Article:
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    Mother Knows Best

    Mom deserves a lot more credit than we give her. Here are 10 things that she got right.

    Mealtimes continued...

    Mom insisting we wash up before dinner is also a great idea, especially after caring for farm animals and exotic pets. These loveable critters have been linked to dangerous outbreaks of E. coli, a bacterial infection causing bloody diarrhea, fever, vomiting, kidney failure, and even death.

    What about a hot bowl of chicken soup for your cold? An old wives' tale, right? Not according to Stephen Rennard, MD, a professor of pulmonary and critical care medicine at the University of Nebraska Medical Center in Omaha.

    Although Rennard has not yet tested in people the healing powers of his wife's legendary soup recipe, the 'liquid gold penicillin' is pretty impressive in the lab, preventing movement of white blood cells that leak into body tissues and cause inflammation.

    "This might explain why chicken soup makes us feel better when we have a cold, because it might prevent symptoms like sore throat, runny nose, and achy joints," Rennard tells WebMD.


    "Button up your overcoat! And don't forget the galoshes/mittens/muffler!" Don't you just cringe thinking about it?

    Turns out that cold weather does stress the immune system and can lower our resistance to infections, especially if we're not accustomed to it. So Maree Gleeson, an exercise physiologist at the University of Birmingham in England, suggests that athletes competing in cold climates protect themselves by limiting exposure and wearing warm clothing.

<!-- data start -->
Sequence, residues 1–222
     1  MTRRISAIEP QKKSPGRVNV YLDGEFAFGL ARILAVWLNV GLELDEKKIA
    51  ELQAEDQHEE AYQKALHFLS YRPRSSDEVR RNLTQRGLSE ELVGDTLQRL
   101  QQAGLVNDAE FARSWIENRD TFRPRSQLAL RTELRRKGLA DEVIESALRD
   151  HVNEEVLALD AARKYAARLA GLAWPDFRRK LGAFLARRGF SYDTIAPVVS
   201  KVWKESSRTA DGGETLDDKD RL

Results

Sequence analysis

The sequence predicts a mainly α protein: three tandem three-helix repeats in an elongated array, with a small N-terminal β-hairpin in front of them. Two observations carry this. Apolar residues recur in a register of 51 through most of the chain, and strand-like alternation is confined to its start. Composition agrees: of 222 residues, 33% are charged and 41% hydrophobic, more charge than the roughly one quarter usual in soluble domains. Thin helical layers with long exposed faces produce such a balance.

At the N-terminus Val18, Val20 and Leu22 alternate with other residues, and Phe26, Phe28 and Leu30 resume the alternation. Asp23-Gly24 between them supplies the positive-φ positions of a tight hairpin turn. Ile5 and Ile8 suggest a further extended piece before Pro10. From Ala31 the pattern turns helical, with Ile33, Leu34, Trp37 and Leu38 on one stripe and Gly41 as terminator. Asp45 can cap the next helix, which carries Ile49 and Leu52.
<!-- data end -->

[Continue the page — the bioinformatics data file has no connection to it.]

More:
Remember when Mom told you to spend less time glued to the TV and more time outside playing? A study published in the April 2001 issue of the Journal of the American Academy of Child and Adolescent Psychiatry showed that exposure to TV, video games, and other media is linked to increased violent and aggressive behavior and more high-risk behavior, including alcohol and tobacco use and earlier onset of sexual activity.

    "TV viewing could contribute to childhood obesity and other health problems," Jyu-Lin Chen, RN, MS, a doctoral student at the Young Children's Health Project of the University of California, San Francisco, tells WebMD. "Planning family activity with your child, such as playing sports or games, is the best way to help reduce TV-viewing time and decrease its negative impact on your children's health."

    Dietz adds that TV viewing means more than a tendency for less physical activity: 25% of food consumption in children happens in front of the TV set. Listen to Mom if you don't want to be a couch potato.

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